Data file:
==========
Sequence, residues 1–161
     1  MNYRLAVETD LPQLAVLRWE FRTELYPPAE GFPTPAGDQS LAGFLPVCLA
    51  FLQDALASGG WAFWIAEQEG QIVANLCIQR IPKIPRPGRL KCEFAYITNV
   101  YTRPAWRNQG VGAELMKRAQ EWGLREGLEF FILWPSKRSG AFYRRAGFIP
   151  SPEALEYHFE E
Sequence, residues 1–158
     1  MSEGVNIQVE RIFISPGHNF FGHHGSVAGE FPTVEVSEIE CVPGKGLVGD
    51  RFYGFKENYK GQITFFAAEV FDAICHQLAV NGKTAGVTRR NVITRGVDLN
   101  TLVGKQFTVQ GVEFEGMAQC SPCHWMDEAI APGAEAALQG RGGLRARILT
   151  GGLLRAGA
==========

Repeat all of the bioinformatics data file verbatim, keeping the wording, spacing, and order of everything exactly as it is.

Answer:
Sequence, residues 1–161
     1  MNYRLAVETD LPQLAVLRWE FRTELYPPAE GFPTPAGDQS LAGFLPVCLA
    51  FLQDALASGG WAFWIAEQEG QIVANLCIQR IPKIPRPGRL KCEFAYITNV
   101  YTRPAWRNQG VGAELMKRAQ EWGLREGLEF FILWPSKRSG AFYRRAGFIP
   151  SPEALEYHFE E
Sequence, residues 1–158
     1  MSEGVNIQVE RIFISPGHNF FGHHGSVAGE FPTVEVSEIE CVPGKGLVGD
    51  RFYGFKENYK GQITFFAAEV FDAICHQLAV NGKTAGVTRR NVITRGVDLN
   101  TLVGKQFTVQ GVEFEGMAQC SPCHWMDEAI APGAEAALQG RGGLRARILT
   151  GGLLRAGA